Crazy Facts About Lake Ronkonkoma

Learn more about this geographic wonder on Long Island.

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Photo: Lake Ronkonkoma, North beach, 1901. Internet Archive Book Images [No restrictions]

Impressive in its size and depth, and the legends that surround it, Lake Ronkonkoma has attracted people to its shores for various reasons for hundreds of years, starting with the four Native American tribes who shared its shores up to modern times when the lake area became a resort for the rich and famous.


Here we present some interesting and crazy facts about Lake Ronkonkoma. For more information check out the Lake Ronkonkoma Historical Society website.

  • It’s Long Island's largest freshwater lake with a circumference of 2 miles and has an area of 243 acres
  • Portions of its irregular basin are unusually deep for Long Island (65 feet). A soundings map shows various depths
  • Lake Ronkonkoma is called a kettle lake and was formed by retreating glaciers
  • Ronkonkoma comes from an Algonquian term that means "boundary fishing-lake"
  • It has also been written as “Raconkumake” and “Raconkamuck”
  • Lake Ronkonkoma served as a boundary between four Native American tribes: Nissequogues, Setaukets, Secatogues and Unkechaugs
  • Native Americans thought the lake was bottomless
  • People also believed that the lake contained secret underwater connections to other bodies of water like the Great South Bay or the Long Island Sound
  • People living around the lake have always been perplexed by the tendency of the water level to rise and fall with no relationship to rainfall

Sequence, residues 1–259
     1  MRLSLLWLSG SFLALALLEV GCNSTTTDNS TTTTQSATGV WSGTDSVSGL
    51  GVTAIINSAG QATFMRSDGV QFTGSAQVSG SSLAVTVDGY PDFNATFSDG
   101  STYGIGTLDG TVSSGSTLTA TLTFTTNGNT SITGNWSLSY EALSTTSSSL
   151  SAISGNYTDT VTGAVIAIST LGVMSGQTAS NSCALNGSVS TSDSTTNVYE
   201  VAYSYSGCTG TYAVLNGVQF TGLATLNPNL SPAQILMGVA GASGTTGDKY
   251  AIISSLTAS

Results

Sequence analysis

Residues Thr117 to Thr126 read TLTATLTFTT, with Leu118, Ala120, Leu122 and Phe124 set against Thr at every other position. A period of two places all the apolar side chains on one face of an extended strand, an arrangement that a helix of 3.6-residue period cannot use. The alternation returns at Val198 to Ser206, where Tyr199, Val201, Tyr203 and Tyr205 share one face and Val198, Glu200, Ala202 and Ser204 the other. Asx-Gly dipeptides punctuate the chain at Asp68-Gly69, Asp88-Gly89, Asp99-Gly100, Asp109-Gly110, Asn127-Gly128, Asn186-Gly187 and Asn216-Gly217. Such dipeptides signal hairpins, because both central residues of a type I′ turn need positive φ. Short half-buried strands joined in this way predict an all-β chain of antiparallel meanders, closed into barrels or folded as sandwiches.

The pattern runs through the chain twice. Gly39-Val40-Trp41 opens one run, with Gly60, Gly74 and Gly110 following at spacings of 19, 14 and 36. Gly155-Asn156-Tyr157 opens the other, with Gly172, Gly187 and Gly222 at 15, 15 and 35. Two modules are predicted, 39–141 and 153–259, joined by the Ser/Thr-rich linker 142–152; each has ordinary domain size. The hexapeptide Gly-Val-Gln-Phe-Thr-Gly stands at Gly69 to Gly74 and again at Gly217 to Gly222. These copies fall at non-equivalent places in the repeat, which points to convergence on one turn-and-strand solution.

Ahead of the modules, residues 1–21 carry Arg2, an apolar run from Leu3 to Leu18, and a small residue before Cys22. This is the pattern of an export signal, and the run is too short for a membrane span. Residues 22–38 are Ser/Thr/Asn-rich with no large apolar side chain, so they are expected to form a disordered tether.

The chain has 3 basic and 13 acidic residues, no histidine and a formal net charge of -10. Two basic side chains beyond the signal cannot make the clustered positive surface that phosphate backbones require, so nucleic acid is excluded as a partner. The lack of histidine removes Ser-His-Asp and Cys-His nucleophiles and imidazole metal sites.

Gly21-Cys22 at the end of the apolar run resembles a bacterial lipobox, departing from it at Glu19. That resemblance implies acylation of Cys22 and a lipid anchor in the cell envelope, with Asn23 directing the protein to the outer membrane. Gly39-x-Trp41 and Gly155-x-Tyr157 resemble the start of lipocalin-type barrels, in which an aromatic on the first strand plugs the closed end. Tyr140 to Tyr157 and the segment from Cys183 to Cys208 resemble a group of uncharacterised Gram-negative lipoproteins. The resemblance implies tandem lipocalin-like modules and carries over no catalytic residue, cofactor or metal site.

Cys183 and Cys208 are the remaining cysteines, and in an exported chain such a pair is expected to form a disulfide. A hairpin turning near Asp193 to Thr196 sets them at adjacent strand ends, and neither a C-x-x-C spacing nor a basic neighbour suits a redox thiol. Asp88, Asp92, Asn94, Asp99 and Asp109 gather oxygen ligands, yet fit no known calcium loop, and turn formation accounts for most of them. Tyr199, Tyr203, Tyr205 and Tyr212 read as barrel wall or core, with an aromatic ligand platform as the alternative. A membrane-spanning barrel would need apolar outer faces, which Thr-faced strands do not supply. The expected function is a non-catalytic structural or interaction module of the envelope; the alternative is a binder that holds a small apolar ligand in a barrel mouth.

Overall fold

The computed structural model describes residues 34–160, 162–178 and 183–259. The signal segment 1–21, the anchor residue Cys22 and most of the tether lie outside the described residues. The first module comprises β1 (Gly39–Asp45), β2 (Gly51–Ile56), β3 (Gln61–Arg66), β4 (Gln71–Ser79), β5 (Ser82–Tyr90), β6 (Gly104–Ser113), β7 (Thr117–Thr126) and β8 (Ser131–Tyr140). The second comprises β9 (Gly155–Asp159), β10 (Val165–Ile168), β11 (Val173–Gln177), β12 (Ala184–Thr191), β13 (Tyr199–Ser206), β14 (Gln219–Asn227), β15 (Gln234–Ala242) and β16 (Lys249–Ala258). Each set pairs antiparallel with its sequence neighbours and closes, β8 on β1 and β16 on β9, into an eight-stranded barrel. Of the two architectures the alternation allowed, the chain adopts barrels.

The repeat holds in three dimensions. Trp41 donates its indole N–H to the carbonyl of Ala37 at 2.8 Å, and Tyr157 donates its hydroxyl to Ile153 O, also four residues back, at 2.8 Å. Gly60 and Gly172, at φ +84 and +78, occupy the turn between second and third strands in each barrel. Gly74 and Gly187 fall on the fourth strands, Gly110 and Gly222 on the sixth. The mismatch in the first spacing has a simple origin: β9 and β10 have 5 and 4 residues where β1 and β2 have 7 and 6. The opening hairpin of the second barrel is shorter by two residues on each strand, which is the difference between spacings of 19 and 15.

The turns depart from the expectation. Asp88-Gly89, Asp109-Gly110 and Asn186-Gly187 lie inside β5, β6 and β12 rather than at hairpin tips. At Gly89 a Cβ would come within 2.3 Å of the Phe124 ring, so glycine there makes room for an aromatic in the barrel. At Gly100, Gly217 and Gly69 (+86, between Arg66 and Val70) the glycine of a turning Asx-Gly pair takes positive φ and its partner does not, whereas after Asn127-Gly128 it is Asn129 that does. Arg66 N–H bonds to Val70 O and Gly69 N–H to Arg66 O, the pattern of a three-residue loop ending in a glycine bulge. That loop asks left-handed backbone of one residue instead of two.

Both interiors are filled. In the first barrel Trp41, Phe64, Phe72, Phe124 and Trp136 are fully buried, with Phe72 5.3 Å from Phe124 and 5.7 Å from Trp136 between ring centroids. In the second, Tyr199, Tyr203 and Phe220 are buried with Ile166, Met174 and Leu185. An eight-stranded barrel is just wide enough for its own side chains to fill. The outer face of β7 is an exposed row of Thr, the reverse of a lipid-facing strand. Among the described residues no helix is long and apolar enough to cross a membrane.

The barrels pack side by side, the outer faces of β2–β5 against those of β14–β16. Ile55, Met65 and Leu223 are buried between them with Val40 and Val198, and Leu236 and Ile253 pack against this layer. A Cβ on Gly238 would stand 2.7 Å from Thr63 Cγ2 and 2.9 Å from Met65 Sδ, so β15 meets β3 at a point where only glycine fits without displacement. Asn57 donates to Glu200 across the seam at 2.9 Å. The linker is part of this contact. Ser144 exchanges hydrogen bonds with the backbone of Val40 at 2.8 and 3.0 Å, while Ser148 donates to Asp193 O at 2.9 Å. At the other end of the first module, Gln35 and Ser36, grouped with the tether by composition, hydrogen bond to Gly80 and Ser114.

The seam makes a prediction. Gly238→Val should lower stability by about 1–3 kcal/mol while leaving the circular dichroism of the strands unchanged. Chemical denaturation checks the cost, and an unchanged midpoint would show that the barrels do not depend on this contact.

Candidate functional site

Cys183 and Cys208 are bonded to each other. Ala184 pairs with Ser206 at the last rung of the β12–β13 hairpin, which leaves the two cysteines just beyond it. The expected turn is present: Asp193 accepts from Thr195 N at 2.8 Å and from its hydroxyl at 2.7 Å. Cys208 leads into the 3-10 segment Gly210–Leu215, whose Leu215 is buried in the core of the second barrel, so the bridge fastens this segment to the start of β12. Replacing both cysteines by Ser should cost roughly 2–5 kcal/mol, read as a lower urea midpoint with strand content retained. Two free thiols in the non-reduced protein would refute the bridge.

Lake Ronkonkoma photo... by stevan [Public Domain]

  • Today, the land around the lake is in three different towns - Smithtown, Islip and Brookhaven - but the lake itself is owned by Islip Town
  • One of the first reports of settlers living in the area is from a 1795 survey that reported five houses north of the lake
  • The Lake Ronkonkoma Historical Society does say that people lived on the Smithtown side of the lake in the 1740s and has reports of property sold near the lake in 1734
  • Claims that the waters had special healing powers led to it becoming a popular spot in the 1800s
  • Lake Ronkonkoma became a summer resort area in the late 19th and early 20th centuries attracting the rich and famous to its shores
  • Celebrities like Greta Garbo and Jackie Gleason were said to have come to Lake Ronkonkoma to stay at one of the resorts
  • The legend of the Lady of the Lake says that a Native American princess takes the life of one boy every year by drowning them in the lake looking for her lost love
  • There are many variations of the curse of the Lady of the Lake story
  • An artist carved a 32-foot-tall statue out of wood of the Lady of the Lake, whose name is Tuskawanta

University of Washington [Public domain]


  • The DEC lists Largemouth Bass, Smallmouth Bass, Yellow Perch, White Perch, Carp, Brown Bullhead, and Walleye among other fish species in the lake
  • For a joint-agency project, a Blackhawk helicopter airlifted over 150 weighted hardwood tree stumps and dropped them into Lake Ronkonkoma to construct submerged reefs at the bottom of the lake where they provide fish with places to feed, rest and hide improving their habitat
  • A U.S. Government survey determined that Lake Ronkonkoma is essentially a natural well that taps the underground water table [source: Lake Ronkonkoma Historical Society]